New York Times Co. v. United States
Decided on June 30, 1971; 403 US 713


The Court lifted a temporary injunction enjoining the publication of the so-called "Pentagon Papers," holding that their publication was within the protection of the First Amendment and would not endanger the safety of American forces.

 

I. ISSUES II. CASE SUMMARY III. AMICI CURIAE IV. DECISION V. WIN OR LOSS?
I. ISSUES:

A. Issues Discussed: Freedom of the press, free speech

B. Legal Question Presented:

Does the government have "inherent power" to halt the publication of news in the name of "national security?"

II. CASE SUMMARY:

A. Background:

The New York Times and the Washington Post obtained stolen copies of a classified study conducted by the Department of Defense. Both newspapers began publishing the "History of US Decision-Making Process on Viet Nam Policy," or the Pentagon Papers, as they were popularly called.

The Department of Justice sought injunctions from federal courts in New York and in the District of Columbia to prevent both newspapers from publishing the rest of the classified document.

On certiorari the US Supreme Court reversed the order of the Court of Appeals for the Second Circuit and affirmed the judgment of the court of Appeals for the District of Columbia Circuit.

B. Counsel of Record:
ACLU Side
(Petitioner/Appellant)
Opposing Side
(Respondent/Appellee)
Unavailable Unavailable
C. The Arguments:
ACLU Side
(Petitioner/Appellant)
Opposing Side
(Respondent/Appellee)
Unavailable Unavailable
III. AMICI CURIAE:
ACLU Side
(Petitioner/Appellant)
Opposing Side
(Respondent/Appellee)
Brief of amici curiae urging reversal in NY Times case and affirmance in the Washington Post case, were filed by Bob Eckhardt and Thomas I. Emerson for Twenty-Seven Members of Congress; by Norman Dorsen, Melvin L. Wulf, Burt Neuborne, Bruce J. Ennis, Osmond K. Fraenkel, and Marvin M. Karpatkin for the American Civil Liberties Union; and by Victor Rabinowitz for the National Emergency Civil Liberties Committee

Alexander M. Bickel argued the cause for petitioner in No. 1873. With him on the brief were William E. Hegarty and Lawrence J. McKay and William R. Glendon argued the cause for respondents in No. 1885. With him on the brief were Roger A. Clark, Anthony F. Essaye, Leo P. Larkin, Jr., and Stanley Godofsky.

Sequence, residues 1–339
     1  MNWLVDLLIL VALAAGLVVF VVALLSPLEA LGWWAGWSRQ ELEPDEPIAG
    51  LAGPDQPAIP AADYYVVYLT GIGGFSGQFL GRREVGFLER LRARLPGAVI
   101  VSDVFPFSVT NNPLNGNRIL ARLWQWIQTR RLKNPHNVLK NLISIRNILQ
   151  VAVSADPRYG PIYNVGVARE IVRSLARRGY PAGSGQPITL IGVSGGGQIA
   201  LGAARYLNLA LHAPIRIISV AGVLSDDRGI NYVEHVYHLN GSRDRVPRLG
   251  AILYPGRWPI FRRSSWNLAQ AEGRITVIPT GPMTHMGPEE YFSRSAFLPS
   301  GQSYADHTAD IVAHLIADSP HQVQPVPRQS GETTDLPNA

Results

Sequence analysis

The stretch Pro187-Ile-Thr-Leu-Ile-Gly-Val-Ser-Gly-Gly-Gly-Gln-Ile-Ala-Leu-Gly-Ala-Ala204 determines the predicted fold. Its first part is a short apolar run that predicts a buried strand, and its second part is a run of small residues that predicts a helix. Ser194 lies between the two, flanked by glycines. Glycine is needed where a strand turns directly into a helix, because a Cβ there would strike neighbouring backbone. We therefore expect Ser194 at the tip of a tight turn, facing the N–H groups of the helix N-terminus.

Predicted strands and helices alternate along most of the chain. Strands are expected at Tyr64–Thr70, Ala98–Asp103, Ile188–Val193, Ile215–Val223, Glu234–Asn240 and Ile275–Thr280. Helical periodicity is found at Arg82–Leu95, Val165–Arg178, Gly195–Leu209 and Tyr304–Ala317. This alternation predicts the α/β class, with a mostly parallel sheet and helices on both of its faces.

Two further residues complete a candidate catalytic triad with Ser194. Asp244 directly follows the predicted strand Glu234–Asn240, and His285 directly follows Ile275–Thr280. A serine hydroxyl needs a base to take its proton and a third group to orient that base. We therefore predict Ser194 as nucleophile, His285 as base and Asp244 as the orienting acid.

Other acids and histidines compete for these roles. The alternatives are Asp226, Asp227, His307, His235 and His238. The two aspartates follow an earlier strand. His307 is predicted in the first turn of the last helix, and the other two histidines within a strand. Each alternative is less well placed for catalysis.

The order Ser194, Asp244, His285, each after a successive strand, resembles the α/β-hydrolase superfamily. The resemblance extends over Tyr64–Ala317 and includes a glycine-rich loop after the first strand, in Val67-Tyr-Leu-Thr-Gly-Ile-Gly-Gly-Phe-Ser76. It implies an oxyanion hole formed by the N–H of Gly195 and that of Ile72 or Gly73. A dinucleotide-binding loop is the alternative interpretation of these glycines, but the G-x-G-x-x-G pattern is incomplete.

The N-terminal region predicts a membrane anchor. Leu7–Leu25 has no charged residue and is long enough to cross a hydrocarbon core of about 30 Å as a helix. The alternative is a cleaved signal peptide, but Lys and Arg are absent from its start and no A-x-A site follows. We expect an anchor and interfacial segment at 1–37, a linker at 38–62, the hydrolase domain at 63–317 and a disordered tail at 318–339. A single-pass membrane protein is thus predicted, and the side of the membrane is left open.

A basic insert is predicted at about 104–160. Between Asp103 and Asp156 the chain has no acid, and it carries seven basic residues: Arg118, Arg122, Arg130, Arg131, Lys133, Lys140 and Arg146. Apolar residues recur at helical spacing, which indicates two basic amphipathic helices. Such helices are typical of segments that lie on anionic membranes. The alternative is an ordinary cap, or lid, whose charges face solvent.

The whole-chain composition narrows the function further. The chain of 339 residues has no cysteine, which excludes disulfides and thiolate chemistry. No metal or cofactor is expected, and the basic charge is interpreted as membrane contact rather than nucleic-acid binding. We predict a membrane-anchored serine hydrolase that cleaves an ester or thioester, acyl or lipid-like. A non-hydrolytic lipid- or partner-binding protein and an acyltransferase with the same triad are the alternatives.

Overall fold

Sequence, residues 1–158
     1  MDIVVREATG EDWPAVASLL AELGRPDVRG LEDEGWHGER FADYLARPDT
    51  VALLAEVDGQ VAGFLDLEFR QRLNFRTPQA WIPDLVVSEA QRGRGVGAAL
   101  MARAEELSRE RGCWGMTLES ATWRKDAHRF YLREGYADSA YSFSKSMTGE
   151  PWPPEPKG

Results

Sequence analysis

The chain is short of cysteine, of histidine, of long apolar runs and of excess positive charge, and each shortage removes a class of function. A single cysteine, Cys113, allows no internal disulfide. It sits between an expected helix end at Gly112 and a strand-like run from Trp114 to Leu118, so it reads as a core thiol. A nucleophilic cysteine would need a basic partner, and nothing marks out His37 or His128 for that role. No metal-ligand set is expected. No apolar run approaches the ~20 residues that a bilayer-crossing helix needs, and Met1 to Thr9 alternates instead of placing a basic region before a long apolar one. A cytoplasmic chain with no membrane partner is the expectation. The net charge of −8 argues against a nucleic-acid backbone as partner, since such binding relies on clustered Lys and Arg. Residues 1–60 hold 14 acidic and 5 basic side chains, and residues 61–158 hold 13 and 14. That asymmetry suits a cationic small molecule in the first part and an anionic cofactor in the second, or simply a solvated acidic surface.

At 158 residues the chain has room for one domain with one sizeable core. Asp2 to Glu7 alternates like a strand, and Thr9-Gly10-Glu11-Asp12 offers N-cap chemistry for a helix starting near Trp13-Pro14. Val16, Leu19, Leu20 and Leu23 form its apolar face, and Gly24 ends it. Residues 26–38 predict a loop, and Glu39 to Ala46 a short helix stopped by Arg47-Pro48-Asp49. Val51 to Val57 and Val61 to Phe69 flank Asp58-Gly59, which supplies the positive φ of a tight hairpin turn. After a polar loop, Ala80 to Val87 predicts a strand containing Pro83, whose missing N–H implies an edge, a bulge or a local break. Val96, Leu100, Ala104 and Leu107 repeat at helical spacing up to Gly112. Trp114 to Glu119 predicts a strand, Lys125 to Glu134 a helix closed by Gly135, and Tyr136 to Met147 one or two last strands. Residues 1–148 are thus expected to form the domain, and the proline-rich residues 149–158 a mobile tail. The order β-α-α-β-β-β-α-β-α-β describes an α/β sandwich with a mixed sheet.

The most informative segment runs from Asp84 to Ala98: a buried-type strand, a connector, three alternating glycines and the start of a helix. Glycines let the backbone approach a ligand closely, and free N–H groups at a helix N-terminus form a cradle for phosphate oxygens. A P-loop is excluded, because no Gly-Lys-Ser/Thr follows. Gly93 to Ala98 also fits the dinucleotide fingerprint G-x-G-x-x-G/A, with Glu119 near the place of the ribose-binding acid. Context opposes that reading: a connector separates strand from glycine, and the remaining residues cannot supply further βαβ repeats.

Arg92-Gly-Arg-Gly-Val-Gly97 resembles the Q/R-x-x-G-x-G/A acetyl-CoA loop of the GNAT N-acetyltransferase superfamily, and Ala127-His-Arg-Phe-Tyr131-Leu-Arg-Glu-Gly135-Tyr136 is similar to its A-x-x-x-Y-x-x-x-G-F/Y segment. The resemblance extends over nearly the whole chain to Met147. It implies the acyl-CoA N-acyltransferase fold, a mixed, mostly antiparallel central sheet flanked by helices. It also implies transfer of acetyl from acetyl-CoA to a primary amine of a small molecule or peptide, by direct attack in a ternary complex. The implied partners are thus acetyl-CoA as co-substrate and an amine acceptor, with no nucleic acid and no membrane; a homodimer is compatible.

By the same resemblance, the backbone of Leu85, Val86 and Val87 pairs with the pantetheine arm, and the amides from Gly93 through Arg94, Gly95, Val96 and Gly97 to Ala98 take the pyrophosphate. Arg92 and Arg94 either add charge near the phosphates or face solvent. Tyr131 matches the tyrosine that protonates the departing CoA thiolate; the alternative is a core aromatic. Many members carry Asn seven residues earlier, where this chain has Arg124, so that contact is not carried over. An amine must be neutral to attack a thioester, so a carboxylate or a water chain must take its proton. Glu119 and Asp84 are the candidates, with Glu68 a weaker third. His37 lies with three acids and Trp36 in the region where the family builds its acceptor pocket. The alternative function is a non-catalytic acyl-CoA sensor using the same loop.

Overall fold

Solicitor General Griswold argued the cause for the United States in both cases. With him on the brief were Assistant Attorney General Mardian and Daniel M. Friedman.


IV. THE SUPREME COURT'S DECISION:

"'Any system of prior restraints of expression comes to this Court bearing a heavy presumption against its constitutional validity...' The Government 'thus carries a heavy burden of showing justification for the imposition of such a restraint...' The District Court for the Southern District of New York in the New York Times case and the District Court for the District of Columbia and the Court of Appeals for the District of Columbia Circuit in the Washington Post case held that the Government had not met that burden. We agree.

The judgment of the Court of Appeals for the District of Columbia Circuit is therefore affirmed. The order of the Court of Appeals for the Second Circuit is reversed. "

Justice Vote: 5 Pro vs. 3 Con
  • Black, H.Pro (Wrote majority opinion)
  • Douglas, W. Pro (Wrote concurring opinion)
  • Brennan, W. Pro (Wrote concurring opinion)
  • Stewart, P. Pro (Wrote concurring opinion)
  • White, B. Pro (Wrote concurring opinion)
  • Burger, W. Con (Wrote dissenting opinion)
  • Harlan, J. Con (Wrote dissenting opinion)
  • Blackmun, H. Con (Wrote dissenting opinion)
V. A WIN OR LOSS FOR THE ACLU?

The ACLU, as amicus curiae, urged reversal of the judgment of the court of Appeals for the Second Circuit and affirmance of the judgment of the Court of Appeals for the District of Columbia Circuit; the Supreme Court reversed and affirmed in a 5-3 vote, giving the ACLU an apparent win.